Study objectives: The association between genotype andphenotype in cystic fibrosis (CF) has been clearly established forpancreatic status, but not for lung disease.
Setting: A respiratory unit of ateaching hospital.
Patients: We studied 51 adult CFpatients for whom current data and genotype were available.Thirty-seven patients carried two severe mutations associated withpancreatic insufficiency phenotype (group S). Fourteen patients carriedat least one mild (and dominant) mutation associated with pancreaticsufficiency phenotype (group M).
Measurements: Wecompared the course of the disease between the two groups, looking fora genotype/phenotype association for lung disease.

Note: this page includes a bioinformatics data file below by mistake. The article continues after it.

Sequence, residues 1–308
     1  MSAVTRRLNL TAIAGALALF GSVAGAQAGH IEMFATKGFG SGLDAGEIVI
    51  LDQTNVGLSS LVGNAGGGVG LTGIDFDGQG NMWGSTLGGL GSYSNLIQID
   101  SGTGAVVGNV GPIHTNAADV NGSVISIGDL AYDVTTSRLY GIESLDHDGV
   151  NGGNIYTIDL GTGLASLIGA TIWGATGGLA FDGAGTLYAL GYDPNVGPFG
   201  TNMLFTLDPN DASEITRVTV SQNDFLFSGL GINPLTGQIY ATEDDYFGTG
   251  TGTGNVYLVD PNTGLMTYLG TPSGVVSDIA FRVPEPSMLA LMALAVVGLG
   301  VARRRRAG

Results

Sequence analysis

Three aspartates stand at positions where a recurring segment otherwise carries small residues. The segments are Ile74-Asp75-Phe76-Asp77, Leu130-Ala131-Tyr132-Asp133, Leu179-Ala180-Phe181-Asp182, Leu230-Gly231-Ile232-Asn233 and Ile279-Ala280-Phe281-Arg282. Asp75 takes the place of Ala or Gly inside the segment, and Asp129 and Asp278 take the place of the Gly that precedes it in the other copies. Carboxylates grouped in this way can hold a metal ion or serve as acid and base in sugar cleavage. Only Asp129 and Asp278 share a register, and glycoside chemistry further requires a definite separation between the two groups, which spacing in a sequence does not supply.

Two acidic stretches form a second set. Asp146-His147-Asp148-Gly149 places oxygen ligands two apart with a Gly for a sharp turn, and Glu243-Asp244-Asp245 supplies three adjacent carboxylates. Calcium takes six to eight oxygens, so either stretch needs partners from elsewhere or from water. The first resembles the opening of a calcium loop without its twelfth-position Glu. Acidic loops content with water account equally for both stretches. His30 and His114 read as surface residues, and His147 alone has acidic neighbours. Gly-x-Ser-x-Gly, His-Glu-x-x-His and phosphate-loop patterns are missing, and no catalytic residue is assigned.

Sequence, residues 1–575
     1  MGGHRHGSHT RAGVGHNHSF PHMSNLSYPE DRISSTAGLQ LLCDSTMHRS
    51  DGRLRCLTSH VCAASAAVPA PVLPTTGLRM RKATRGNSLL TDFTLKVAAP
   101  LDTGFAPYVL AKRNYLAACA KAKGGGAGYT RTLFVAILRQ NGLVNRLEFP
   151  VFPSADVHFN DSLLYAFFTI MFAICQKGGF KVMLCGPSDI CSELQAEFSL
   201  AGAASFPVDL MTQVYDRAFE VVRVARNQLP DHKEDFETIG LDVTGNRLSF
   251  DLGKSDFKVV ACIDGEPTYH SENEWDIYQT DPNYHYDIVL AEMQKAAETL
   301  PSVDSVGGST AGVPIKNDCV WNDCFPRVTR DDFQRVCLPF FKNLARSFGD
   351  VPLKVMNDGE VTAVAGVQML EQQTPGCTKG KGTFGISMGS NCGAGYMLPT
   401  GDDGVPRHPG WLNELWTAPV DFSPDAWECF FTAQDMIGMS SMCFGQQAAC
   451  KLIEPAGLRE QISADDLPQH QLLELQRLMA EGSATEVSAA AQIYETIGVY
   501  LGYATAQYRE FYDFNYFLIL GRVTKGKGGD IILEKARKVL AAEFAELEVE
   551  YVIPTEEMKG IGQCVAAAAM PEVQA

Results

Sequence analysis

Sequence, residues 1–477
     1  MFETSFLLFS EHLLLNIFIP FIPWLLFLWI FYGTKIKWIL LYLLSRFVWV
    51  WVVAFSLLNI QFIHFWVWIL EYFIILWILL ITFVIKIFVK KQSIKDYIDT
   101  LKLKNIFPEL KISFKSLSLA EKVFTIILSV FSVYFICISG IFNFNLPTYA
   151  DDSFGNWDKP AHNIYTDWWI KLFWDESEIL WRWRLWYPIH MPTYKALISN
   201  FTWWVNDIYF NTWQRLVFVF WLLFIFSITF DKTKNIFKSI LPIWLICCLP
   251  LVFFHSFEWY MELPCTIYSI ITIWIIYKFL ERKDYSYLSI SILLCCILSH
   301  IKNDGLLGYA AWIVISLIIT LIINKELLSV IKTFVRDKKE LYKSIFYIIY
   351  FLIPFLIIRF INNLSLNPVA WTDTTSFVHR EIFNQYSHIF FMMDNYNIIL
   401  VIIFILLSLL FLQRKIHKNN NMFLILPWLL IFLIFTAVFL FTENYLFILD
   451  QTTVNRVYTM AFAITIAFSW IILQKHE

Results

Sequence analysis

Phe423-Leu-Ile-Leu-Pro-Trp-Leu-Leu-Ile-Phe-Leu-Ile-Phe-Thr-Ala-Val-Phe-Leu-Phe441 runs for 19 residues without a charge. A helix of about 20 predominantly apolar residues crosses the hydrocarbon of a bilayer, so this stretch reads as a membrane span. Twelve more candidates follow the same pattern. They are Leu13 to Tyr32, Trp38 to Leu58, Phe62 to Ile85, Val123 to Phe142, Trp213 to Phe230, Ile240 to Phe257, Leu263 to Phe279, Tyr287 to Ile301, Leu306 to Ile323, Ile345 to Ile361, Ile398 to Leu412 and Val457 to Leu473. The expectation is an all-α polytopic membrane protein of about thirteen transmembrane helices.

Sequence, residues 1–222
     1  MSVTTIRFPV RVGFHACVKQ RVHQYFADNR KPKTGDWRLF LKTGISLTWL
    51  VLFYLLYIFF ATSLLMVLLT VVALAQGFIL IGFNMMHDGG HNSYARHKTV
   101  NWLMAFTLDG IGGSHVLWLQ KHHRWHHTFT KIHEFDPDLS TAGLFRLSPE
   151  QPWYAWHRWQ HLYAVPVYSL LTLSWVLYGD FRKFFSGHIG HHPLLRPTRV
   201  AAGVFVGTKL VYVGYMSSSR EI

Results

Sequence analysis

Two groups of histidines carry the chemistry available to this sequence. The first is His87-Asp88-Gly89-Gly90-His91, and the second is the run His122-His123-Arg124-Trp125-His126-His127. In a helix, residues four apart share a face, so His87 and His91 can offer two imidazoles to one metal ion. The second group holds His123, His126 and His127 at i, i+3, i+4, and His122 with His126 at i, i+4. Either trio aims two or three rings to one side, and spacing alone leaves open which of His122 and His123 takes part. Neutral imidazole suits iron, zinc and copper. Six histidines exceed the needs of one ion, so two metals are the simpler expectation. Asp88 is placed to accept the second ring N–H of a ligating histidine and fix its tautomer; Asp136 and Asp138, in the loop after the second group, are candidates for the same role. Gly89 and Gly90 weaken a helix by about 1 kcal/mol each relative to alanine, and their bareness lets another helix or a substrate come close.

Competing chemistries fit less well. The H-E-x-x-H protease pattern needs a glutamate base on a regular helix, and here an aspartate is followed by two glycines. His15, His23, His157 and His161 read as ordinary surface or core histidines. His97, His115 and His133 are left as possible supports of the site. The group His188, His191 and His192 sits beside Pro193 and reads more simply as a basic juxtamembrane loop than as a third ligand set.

Results: The mean age of the population was 30 years.Patients with two severe mutations presented more severe disease withearlier onset (1.7 years vs 7.9 years, p = 0.0001). They presentedwith a more severe respiratory impairment, with a lower meanFEV1 (29% of predictive value vs 58% of predictive value,p < 0.001); a higher Pseudomonas colonization rate (97% vs 57%,p < 0.01); a more frequent end-stage respiratory insufficiency,defined by a FEV1 < 30% (73% vs 29%,p < 0.05); and a more marked yearly decline of FEV1 (3%vs 1.4%, p < 0.001). By multivariate logistic regression analysis,carrying two severe mutations was the only independent predictor of aterminal respiratory insufficiency (relative risk, 6.75; 95%confidence interval, 1.79 to 26.50; p = 0.003).
Conclusion: This study suggests that pulmonary diseaseappears to be associated with the severity of CF transmembraneregulator mutations.